Cars without driver
The cars without driver could still take some years to become reality, but in 2018 the level of technology of the cars will accelerate quickly.
We will experience something closer to a driverless car for the first time and discuss its possible impact on our lives, notes the London Science Museum.
Maybe you already have a car with some of those capabilities. As a cruising speed control for long trips or assistance to park in a small space.
In 2018 we will also witness the launch of automobiles with a higher level of autonomy. Audi and Tesla could launch cars that could drive themselves in unimpeded road conditions and at low speeds.
But this level of automation still depends on human intervention when conditions change or problems arise.
Direct Line, an auto insurance company in Great Britain, will offer a discount for those who use autopilot technology on some Tesla models. Its intention is to gather information about the use of this technology.
If you want to board a bus without a driver, you can try it in Bavaria, Germany; in Las Vegas, in the USA or Lyon, France.
Although in 2018 we will see much more technology, the road to full automatic driving still has some bumps. Volvo’s “drive me” (drive me) program, which planned driving tests without a driver, was delayed until 2021.
It hits on its first trip with passengers a bus without driver in Las Vegas
The editing of the genome has the ability to radically alter the way we treat diseases, but it has some risks.
In essence, the process allows us to replace a defective gene with a healthy one, or even edit the gene to make it behave differently.
It is an “impact of biological science that has tremendous and potential ramifications,” says Sir John Skehel, of the Royal Society of London.
The scope of treatments for genetically inherited conditions is clear. If scientists can edit genes to remove inherited errors, then they can stop the development of those conditions.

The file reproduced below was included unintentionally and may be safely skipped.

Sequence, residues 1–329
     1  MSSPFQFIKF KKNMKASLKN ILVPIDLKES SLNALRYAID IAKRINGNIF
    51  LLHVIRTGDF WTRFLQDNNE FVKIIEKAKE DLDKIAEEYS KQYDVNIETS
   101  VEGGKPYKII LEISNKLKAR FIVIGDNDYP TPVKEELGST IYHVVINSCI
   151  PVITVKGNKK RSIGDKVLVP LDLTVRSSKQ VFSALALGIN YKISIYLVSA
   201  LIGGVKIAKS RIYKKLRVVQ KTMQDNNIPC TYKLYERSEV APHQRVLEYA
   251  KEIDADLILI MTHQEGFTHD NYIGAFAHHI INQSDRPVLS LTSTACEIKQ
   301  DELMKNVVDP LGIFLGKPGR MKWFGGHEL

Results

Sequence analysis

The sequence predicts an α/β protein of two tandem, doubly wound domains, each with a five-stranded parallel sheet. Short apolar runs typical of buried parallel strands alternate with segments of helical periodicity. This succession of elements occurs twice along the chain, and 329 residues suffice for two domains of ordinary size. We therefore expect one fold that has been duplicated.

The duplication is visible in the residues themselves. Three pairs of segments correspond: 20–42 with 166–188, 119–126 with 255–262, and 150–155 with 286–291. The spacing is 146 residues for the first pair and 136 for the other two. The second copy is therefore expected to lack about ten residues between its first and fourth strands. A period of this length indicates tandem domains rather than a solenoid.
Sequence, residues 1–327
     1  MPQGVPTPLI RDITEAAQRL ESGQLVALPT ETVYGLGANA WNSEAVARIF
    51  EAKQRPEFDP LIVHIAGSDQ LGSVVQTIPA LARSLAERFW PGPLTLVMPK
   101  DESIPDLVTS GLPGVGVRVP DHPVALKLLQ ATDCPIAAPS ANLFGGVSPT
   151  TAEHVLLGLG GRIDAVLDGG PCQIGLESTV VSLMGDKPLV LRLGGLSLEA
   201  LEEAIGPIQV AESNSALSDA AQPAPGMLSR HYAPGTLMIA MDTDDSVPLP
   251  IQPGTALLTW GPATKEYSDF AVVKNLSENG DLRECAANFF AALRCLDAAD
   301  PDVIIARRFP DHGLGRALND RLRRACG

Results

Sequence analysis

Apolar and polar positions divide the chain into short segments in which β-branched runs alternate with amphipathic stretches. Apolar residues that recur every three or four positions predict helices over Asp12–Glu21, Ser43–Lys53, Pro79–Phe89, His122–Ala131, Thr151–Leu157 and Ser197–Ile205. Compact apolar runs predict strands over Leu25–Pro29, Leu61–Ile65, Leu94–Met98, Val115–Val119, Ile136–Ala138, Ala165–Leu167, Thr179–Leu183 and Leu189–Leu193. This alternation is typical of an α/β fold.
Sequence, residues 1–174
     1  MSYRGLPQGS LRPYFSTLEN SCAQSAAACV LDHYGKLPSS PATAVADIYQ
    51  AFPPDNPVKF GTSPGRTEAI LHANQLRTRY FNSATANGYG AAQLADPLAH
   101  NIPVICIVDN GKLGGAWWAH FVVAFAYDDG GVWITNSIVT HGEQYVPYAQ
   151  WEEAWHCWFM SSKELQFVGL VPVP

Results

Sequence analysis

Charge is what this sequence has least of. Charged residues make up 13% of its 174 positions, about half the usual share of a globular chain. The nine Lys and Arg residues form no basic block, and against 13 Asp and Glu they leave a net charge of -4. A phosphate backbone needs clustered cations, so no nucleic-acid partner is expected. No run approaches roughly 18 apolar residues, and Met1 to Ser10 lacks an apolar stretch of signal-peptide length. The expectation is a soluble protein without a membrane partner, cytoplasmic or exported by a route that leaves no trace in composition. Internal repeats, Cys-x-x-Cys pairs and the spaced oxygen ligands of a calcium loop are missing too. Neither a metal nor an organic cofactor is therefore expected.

But that discovery has its bad side. For example, if we edit genes for cosmetic purposes, we could cause unforeseen damage.
Science can teach humanity what genetic technologies are capable of, but it depends on us how we want to use them.
In any case, the increase in the edition of the genome is one of the most significant advances in the biological sciences and can impact millions of lives.
Epidemics and fight against antibiotic resistance
In 2018 the centenary of the Spanish flu pandemic will be fulfilled, which killed at least 50 million people.
Science and medicine have seen many incredible innovations and discoveries to improve health over the past century.
But in 2018 the threat of diseases that can spread around the world affecting millions of people has never been so great, says Wellcome, a biomedical research center based in London.
Epidemics such as Ebola and Zika have shown the significant threats posed by outbreaks of contagious diseases.
2018 will be an important year to continue efforts to better protect ourselves and ensure that all countries can act quickly to contain outbreaks of deadly infections and prevent health emergencies.
This includes working on the development of new vaccines.
Many of the epidemics that have the greatest danger to humanity could be prevented with vaccines, but very few vaccines have been developed against them.
2018 will be a critical year to continue global efforts to address other urgent global health problems: superbugs.
Antibiotics have been a vital part of medicine for more than 70 years. However, there is an increasing number of superbugs or drug-resistant infections, that cannot be treated with current antibiotics.
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In the world, these infections already kill around 700,000 people a year. If effective actions are not taken this number will continue to grow. In addition, already treatable infections and routine surgeries-such as hip replacements and cesarean sections-could potentially become fatal.
The following 12 months will be critical in the efforts to develop new antibiotics and innovative treatments to protect us from superbugs.
Also to stop the excessive use and misuse of existing antibiotics and research that helps to understand how resistance to them extends.